Our load tests utilize a couple of FAST ATE active load testers and a variety of other equipment such as an oscilloscope, power conditioner, temperature probe and a power consumption meter. You can read more about our standard testing approach here.
The tests performed are based around six conceivable setups that are out there and progressively load down the PSU up to the power supply's limits or 1000W, whichever comes first. Since our test equipment's limits are higher than that of the Rosewill SilentNight 500W power supply, we can test it to the maximum.
The above tests represent typical loads that we have measured from various systems and are meant to give a rough idea of where your computer might fall in line with our tests. Please keep in mind that each system is different and actual loads can vary greatly even with similar hardware.
Let's start by taking a look at the voltages to see how well this unit did during testing. Starting with the 12V rail, we see 2% regulation from start to finish with a total drop of .06V. The 5V rail managed to stay within 2% of specification with a total drop of .06V from start to finish. Moving towards the 3.3V rail, we see that regulation was within 2% of specification with a total voltage drop of .02V.
DC Output quality for the Rosewill SilentNight 500W was great and well within specification. During Test 1, we saw 10mV of noise on our scope. When we increased the loads in Test 2, the ripple climbed to 19mV at a little over half load. During Test 3 under a load of 500W, the oscilloscope showed a maximum of 28mv on noise on the 12V rail.
The Rosewill SilentNight 500W is rated for 80 PLUS Platinum efficiency. This means that the power supply must perform at 90%/92%/89% efficiency at 20%/50%/100% loads respectively. As you can see, the SilentNight 500W passed on our bench, and wasn't close to failing at any point.
The Rosewill SilentNight shined all the way through from start to finish. The unit is built exceptionally well inside and out. It may cost a bit more than most 500W power supplies, but silence often comes with a cost when you want it to perform well and stay reliable. As I said before with the Kingwin unit, the only thing that I don't like about the unit is that it lacks Over Temperature Protection, but with the unit being active in my HTPC for over a year with little to no active cooling on that side of the case, there is no worry here due to how cool the power supply runs.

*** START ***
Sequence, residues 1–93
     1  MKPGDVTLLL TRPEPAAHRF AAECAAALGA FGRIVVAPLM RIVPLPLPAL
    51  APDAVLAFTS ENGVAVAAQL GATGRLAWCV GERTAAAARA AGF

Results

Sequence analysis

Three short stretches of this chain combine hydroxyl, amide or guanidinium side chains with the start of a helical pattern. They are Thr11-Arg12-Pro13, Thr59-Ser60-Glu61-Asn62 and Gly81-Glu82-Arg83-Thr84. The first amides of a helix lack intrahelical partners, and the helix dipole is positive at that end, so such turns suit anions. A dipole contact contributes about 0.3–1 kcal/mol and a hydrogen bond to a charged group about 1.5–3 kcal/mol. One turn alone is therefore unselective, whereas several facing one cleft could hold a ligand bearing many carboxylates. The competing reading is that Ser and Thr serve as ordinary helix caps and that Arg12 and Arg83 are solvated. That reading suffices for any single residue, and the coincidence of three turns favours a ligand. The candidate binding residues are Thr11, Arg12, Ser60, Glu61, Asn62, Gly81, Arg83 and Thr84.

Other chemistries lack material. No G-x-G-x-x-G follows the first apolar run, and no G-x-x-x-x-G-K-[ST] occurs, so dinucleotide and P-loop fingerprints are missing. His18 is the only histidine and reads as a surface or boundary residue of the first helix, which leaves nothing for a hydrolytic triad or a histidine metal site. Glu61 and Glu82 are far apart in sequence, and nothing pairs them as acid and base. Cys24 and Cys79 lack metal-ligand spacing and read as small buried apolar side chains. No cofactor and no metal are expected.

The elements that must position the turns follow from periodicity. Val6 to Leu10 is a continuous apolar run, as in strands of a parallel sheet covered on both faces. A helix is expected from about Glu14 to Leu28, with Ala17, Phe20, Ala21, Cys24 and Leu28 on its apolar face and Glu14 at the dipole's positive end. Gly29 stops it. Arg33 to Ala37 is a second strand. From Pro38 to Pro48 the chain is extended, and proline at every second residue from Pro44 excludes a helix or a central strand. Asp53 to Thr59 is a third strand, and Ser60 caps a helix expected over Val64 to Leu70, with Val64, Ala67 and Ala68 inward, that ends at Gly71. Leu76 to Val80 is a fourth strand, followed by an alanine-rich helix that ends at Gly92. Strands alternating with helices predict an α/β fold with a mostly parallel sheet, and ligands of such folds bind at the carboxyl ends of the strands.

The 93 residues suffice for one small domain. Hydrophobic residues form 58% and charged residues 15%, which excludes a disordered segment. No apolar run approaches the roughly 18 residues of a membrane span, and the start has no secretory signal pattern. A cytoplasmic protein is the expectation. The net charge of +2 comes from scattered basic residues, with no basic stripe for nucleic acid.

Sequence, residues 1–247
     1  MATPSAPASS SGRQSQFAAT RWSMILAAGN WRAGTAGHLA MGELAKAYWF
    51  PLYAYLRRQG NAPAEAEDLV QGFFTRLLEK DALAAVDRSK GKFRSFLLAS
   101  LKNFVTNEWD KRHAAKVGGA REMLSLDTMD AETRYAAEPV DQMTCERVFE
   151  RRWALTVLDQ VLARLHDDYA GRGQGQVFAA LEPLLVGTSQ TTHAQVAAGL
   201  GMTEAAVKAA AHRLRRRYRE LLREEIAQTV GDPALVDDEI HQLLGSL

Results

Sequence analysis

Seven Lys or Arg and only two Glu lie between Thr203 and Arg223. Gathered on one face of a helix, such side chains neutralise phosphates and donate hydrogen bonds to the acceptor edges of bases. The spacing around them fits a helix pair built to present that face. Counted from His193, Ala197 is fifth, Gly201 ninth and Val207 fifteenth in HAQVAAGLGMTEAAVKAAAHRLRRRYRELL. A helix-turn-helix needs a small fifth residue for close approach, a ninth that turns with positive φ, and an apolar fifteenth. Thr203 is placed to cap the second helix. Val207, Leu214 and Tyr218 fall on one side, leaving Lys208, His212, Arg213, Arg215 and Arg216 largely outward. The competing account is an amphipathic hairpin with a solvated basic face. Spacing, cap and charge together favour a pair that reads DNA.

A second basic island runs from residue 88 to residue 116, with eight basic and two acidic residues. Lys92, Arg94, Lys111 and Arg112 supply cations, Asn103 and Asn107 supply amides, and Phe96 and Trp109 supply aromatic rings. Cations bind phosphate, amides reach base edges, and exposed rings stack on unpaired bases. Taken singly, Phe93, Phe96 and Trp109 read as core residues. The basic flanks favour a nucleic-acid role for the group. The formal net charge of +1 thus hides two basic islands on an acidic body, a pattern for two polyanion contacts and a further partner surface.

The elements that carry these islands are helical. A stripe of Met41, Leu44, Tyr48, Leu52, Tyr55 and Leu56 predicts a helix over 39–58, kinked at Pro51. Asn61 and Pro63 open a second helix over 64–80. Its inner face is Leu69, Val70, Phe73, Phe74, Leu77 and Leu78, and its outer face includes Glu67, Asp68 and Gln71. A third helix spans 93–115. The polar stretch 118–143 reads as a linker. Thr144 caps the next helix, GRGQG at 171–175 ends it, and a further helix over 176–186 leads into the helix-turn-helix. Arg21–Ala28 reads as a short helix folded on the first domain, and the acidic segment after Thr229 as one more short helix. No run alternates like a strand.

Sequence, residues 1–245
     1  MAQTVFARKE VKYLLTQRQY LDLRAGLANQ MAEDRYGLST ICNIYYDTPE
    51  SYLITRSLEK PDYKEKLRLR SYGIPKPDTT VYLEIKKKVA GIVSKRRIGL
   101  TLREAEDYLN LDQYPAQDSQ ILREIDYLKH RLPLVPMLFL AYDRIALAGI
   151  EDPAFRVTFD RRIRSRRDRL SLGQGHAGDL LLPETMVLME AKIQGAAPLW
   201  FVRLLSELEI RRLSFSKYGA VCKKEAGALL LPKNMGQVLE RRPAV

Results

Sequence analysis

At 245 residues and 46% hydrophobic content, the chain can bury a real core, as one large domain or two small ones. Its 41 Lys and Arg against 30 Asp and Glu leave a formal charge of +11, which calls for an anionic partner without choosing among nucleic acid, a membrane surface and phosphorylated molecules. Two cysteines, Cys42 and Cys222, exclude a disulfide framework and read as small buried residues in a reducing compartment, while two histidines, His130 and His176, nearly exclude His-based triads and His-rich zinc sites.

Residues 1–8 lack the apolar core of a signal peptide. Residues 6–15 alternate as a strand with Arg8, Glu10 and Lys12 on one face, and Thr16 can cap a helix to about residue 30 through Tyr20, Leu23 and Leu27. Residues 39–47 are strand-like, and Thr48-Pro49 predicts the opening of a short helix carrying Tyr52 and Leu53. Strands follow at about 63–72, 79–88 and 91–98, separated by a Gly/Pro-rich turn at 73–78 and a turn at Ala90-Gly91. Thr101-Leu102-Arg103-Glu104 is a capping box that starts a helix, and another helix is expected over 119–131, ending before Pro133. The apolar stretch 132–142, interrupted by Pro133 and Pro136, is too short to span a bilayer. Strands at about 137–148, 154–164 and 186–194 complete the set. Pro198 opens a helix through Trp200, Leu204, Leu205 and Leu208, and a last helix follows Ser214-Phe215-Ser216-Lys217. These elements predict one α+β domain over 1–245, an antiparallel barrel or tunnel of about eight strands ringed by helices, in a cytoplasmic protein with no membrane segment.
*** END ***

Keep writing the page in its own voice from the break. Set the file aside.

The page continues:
Performance was spot on as well. Voltage regulation is nice and tight all the way through and DC Output quality is just what you'd expect from such a unit too and stays low. Even the efficiency of the unit is exactly what you'd expect for a unit that is certified as 80 PLUS Platinum certified. Even the five year warranty helps give insight that it is every bit of a quality unit and you'll be covered for years to come in the rare even that something happens to it.
Had Rosewill been on the ball with bringing the Super Flower power supply to market under their name much sooner, I'd happily award it with the same Best Features Award the Kingwin Stryker 500W was given over a year ago. Unfortunately, changing the sticker on the unit and putting it on the shelf a year later just isn't going to give it that same level of recognition to those who did it first.
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